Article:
What do you call this piece of furniture?
It’s features are “a large, overstuffed [furniture for seating] with a back and upholstered arms” (Dictionary.com). It’s not necessarily leather or pleather. In fact, the upholstery choice isn’t that important. What is important is that it has the back and arms and that it’s big. Most likely, it’s comfortable. It’s often in your more formal living room, as opposed to your family room–are those Canadian terms as well, I wonder?
When I was little, “chesterfield” (#3) was used by my family to describe a couch or sofa, but always the one that was sat on less or used for company in our living room. We didn’t sit on it very often as the “couch” was for everyday use in the family room. When two separate rooms weren’t present, the couch would also be referred to as the “chesterfield”, particularly by my grandparents. What I’ve come to find out is that it was named after the Earl of Chesterfield in the 19th century,based on this type of couch with “a low rolled back and deep buttoning”, though we used it more generally than that. But now? I’d refer to it and everything like it a “couch” or a “sofa”.
Is it a dead term? Well not quite. With a quick Google search, I found a Toronto-based shop called “The Chesterfield Shop“, which seems to sell much more than the traditional chesterfield, but all like-seating, and a couple of other non-furniture related companies using the term in their business name.
Being a language teacher, I often question the usefulness of teaching certain language when it seems rarely used in daily life, if not nearly lost with a bygone era. There are a lot of glaringly obvious examples to desert completely (has anyone actually said “it’s raining cats and dogs” in your lifetime), but in doing so, do we limit our ability to express ourselves clearly? Are these words and expressions just being replaced by newer ones with the same meaning? Or has our society/culture/environment just evolved to the point where describing it a certain way is no longer relevant?
Thinking about my grandmother the other day and what she used to say to me, I had the idea to blog about some of these types of linguistic challenges. So tell me, whomever you are, do you think these are still used? If so, when was the last time you heard it used or used it yourself?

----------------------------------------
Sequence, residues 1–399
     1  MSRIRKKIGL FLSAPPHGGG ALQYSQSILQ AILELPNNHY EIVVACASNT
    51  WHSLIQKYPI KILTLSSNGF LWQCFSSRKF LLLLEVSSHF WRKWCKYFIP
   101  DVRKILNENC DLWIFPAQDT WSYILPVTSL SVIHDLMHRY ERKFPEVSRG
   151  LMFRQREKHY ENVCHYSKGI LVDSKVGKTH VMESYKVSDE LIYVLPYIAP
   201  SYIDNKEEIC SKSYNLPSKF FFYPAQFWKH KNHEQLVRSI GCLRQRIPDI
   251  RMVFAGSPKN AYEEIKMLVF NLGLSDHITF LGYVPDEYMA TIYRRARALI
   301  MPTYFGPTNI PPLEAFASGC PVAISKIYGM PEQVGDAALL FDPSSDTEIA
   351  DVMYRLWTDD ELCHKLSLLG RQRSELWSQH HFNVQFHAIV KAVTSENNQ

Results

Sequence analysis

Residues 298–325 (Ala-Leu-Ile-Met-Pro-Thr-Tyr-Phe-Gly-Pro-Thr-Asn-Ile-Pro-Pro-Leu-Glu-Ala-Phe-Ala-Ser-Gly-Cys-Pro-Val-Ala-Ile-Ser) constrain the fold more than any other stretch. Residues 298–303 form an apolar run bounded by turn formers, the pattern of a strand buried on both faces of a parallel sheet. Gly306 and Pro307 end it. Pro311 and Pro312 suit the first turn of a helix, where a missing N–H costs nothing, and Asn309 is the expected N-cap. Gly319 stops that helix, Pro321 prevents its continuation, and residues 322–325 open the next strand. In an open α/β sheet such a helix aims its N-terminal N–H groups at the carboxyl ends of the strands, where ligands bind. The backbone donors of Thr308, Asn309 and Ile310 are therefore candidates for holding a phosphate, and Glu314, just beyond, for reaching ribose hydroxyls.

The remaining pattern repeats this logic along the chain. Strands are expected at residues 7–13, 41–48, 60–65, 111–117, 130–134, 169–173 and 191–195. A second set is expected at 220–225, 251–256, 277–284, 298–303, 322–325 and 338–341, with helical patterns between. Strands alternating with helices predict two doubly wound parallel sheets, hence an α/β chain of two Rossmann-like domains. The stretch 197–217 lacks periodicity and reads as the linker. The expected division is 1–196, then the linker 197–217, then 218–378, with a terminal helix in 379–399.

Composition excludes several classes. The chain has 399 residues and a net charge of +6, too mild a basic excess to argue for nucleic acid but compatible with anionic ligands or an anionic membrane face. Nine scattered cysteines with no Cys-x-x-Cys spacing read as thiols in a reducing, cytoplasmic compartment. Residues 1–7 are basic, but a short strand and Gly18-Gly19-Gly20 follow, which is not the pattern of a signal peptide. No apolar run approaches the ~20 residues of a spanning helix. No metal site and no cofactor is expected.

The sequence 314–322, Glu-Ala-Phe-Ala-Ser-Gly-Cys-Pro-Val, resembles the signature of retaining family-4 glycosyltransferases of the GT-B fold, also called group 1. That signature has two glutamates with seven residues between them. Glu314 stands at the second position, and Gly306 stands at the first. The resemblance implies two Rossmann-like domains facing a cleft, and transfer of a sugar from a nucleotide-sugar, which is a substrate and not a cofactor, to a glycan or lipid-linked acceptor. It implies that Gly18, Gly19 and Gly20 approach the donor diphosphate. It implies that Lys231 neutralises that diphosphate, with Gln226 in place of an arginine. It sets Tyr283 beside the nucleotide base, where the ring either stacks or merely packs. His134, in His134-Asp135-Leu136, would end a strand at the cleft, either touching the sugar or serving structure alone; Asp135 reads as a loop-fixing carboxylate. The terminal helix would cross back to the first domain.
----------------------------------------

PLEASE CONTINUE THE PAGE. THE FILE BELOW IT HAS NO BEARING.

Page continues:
#1 – saucy (adj)
I can remember when I was a little kid, I’d get frustrated and say something sarcastic. And if in Gramma’s presence, she’d say, “now don’t get saucy“. I also remember thinking it was such an odd expression to say in that situation when my mom never used it nor did anyone else I knew, even then. Come to think of it, I don’t think I ever used it then or since. Variation of similar frequency: lippy
#2 – horse around (v)
I’m not sure why these two came to mind most recently (maybe I’m feeling like I’ve done something wrong, haha), but another one my grandparents said was not to horse around in the living room as though my friends and I would destroy something valuable. Now this one’s a little tough for me to make a call on. I do believe I’ve taught it to students at one point or another without really considering too carefully if I’ve ever used it myself. And you know, I don’t think I have. But for some reason, it doesn’t seem quite as outdated as saucy.
What an linguistically awkward decade this has been, moreso than probably any other since the 11th century. Overstatement? Maybe. But with regards to years, the last ten have shifted us away from our normal numeric namingsystem for the first time in our lives anyway. What is normal you say?
Before 2000, when was the last time years were called by their full numeric phrasing (eg. 2001=two thousand one; 2008=two thousand eight) as they were during the last decade? Sure, none of us were even a sparkle in our great, great grandparents’ eyes, but I’d venture to guess it was 1009? We can at least agree based on movies, television and school books, that from 1100 until 1999, the year names were separated into two halves (eg. 1173=eleven seventy-three; 1984=nineteen eighty-four). Remarkably, it was at least a thousand years minus 10 of people saying ##-## and we still dislodged it with “two thousand”? Granted, “twenty-oh-oh” or “twenty-hundred” doesn’t quite have the smooth ring to it.
Thankfully, ten years into the century, we’re finally able to go back to what’s normal. Say it with me: 20-10, 20-10, 20-10! That’s right! I was happy to see that I wasn’t the only one irritated by the dichotomy presented in the last decade. Still, there are a few resisters and likely will be for the next couple years. But think about these and say them to yourself:
The 20-10 Olympics are in Vancouver!
Who'll win the 20-10 World Cup?
There's some sort of Expo in Shanghai in 20-10.
Hopefully you’ll agree with me and end the decade of abnormality.